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and the succession may be secured to the young duke of Normandy, with such a present rank in the state, as befits the heir of the crown. Even the bitterest enemies of the king must acknowledge, that he is valiant, generous, and good-natured; his warmest friends cannot deny, that he has a great deal of rashness and indiscretion. Both may therefore conclude, that he should not be deprived of the royal authority, but that he ought to be restrained from a farther abuse of it; which can be done by no means, so certain and effectual, as what I propose: for thus his power will be tempered by the presence, the counsels, and influence of Prince Henry; who from his own interest in the weal of the kingdom which he is to inherit, will always have a right to interpose his advice, and even his authority, if it be necessary, against any future violation of our liberties; and to procure an effectual redress of our grievances, which we have hitherto sought in vain. If all the English in both armies unite, as I hope they may, in this plain of pacification, they will be able to give the law to the foreigners, and oblige both the king and the duke to consent to it. This will secure the public tranquillity, and leave no secret stings of resentment, to rankle in the hearts of a suffering party, and produce future disturbances. As there will be no triumph, no insolence, no exclusive right to favour, on either side, there can be no shame, no anger, no uneasy desire of change. It will be the work of the whole nation; and all must wish to support what all have established. The sons of Stephen indeed may endeavour to oppose it: but their efforts will be fruitless, and inust end very soon, either in their submission, or their ruin. Nor have they any reasonable cause to complain. Their father himself did not come to the crown by hereditary right. He was elected in preference to a woman and an infant, who were deemed not to be capable of ruling a kingdom. By that election our allegiance is bound to him during his life: but neither that bond, nor the reason för which we chose him, will hold, as to the choice of a successor. Henry Plantagenet is now grown up to an age of maturity, and every way qualified to succeed to the crown. He is the grandson of a king whose memory is dear to us, and the nearest heir male to him in the course of descent :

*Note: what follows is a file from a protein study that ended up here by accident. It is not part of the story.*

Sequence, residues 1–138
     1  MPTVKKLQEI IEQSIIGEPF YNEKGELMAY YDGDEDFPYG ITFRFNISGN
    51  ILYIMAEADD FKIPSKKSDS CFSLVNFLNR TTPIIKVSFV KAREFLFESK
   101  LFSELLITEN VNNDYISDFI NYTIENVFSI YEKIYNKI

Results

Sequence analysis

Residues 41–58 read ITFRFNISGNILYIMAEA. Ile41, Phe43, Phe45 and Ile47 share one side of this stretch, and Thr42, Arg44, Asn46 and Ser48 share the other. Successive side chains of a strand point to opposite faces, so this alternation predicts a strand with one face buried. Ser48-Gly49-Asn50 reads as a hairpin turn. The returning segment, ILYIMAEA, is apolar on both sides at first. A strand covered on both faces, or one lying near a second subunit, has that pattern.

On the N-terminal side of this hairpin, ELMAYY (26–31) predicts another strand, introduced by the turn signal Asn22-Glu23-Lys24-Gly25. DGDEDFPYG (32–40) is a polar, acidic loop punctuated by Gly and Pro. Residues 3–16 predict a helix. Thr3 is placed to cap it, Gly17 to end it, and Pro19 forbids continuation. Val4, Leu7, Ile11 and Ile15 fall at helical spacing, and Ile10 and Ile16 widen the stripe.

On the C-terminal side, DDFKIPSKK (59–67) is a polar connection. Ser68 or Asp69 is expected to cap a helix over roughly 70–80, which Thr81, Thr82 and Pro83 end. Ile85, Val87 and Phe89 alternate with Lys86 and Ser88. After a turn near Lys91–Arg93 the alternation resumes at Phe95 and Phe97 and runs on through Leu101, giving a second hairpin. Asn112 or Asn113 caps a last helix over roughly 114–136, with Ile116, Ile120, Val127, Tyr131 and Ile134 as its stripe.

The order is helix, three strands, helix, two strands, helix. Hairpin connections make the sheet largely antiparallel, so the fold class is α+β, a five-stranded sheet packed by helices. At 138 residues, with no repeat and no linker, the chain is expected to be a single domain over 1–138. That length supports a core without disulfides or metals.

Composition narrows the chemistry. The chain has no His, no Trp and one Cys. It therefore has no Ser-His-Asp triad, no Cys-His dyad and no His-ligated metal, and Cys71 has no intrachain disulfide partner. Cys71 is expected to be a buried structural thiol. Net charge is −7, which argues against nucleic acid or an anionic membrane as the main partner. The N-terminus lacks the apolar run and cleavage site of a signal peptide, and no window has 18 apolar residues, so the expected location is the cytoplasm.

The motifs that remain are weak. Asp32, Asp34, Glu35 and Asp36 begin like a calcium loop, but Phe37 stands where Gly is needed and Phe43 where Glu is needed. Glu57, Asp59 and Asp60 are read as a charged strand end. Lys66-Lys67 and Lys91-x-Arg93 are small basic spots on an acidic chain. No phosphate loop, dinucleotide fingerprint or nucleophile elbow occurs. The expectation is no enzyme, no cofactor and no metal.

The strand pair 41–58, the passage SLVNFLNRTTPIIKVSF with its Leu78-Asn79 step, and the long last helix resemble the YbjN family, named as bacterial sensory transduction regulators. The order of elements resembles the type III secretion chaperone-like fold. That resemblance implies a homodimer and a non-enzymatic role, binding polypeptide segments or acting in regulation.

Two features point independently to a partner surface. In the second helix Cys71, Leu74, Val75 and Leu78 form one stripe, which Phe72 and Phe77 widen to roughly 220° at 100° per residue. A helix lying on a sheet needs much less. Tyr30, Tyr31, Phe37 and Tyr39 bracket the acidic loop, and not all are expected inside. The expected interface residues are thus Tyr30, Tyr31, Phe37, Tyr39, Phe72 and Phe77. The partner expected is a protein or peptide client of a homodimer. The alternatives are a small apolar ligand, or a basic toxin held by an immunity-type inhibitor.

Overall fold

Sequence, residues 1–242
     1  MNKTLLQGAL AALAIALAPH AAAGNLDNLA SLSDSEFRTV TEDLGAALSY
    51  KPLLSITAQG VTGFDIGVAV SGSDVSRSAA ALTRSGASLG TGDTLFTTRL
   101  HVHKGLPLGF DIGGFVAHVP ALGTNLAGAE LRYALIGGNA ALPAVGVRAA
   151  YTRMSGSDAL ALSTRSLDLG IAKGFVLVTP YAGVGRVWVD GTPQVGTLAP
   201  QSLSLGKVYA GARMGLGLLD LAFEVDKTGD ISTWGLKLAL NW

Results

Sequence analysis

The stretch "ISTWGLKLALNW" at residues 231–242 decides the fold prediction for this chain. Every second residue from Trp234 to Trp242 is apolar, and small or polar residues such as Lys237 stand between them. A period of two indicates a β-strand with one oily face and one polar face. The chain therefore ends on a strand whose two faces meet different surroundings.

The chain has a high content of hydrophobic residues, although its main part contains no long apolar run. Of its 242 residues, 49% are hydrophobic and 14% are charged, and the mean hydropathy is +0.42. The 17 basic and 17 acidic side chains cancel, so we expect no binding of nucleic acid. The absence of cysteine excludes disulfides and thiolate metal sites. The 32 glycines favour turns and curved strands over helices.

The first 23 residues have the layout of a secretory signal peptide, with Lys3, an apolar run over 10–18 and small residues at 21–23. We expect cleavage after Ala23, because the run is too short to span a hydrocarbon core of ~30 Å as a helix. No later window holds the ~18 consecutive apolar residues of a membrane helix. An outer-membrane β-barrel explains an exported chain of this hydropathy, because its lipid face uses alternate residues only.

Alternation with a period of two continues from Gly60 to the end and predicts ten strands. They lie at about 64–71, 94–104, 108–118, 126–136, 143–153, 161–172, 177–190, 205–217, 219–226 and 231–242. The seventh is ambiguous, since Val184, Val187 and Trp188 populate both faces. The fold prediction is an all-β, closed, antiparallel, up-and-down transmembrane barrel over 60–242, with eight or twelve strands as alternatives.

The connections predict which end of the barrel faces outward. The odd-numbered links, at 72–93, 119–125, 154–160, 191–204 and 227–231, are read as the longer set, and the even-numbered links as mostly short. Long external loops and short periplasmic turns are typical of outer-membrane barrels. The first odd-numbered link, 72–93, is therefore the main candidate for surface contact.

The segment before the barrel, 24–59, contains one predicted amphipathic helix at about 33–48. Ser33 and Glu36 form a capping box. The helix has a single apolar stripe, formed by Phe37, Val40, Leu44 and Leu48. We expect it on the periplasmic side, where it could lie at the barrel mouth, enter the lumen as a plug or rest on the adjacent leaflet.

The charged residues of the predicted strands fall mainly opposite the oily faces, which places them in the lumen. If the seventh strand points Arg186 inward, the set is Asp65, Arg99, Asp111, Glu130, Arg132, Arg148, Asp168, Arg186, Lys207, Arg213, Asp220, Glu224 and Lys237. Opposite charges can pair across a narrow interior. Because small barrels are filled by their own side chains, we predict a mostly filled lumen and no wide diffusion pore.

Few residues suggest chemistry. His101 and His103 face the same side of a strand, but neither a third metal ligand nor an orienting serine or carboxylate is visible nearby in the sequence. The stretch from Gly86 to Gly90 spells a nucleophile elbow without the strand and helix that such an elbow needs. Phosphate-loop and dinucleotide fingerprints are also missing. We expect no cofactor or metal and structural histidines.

he appears to resemble him in all his good qualities, and to be worthy to reign over the Normans and English, whose noblest blood, united, enriches his veins. Normandy has already submitted to him with pleasure. Why should we now divide that duchy from England, when it. is so greatly the interest of our nobility to keep them always connected? If we had no other inducement to make us desire a reconciliation between him and Stephen, thiswould be sufficient. Our estates in both countries will by that means be secured, which otherwise we must forfeit, in the one or the other, while Henry remains possessed of Normandy and it will not be an easy matter to drive him from thence, even though we should compel him to retire. from England. But, by amicably compounding his quarrel with Stephen, we shall maintain all our interests, private and public. His greatness abroad will increase the power of this kingdom;. it will make us respectable and formidable to France; England will be the head of all, those ample dominions, which extend from the British, ocean to the Pyrenean mountains. By governing, in hisyouth, so many different states, he will learn to govern us,... and come to the crown after the decease of Stephen, accomplished in all the arts of good policy. His mother has willingly resigned to him her pretensions, or rather she acknowledges that his are superior we therefore can have nothing to apprehend on that side. In every view, our peace, our safety, the repose of our consciences, the quiet and happiness of our posterity, will be firmly esta-blished by the means I propose. Let Stephen continue. to wear the crown that we gave him, as long as he lives; but after his death let it descend to that prince, who alone can put an end to our unhappy divisions. If you approve my advice, and will empower me to treat in your names, I will immediately convey your desires to the king and the duke. LORD LYTTELTON
MR. PULTENEY'S SPEECH ON THE MOTION FOR REDUCING THE ARMY.
We have heard a great deal about parliamentary armies, and about an army continued from year to year. I have always been, Sir, and always shall be, against a standing army of any kind: to me it is a terrible thing, whether under that of parliamentary or any other designation; a standing army is still a standing army, whatever name it be called by; they are a body of men distinct from the body of the people; they are governed by different laws; and blind obedience, and an entire submission to the orders of their commanding officer, is their only principle. The nations around us, Sir, are already enslaved, and have been enslaved by those very means; by means of their standing armies they have every one lost their liberties. It is indeed impossible that the liberties of the people can be preserved in any country where a numerous standing army is kept up. Shall we then take any of our measures from the example of our neighbours? No, Sir, on the contrary, from their misfortunes we ought to learn to avoid those rocks upon which they have split.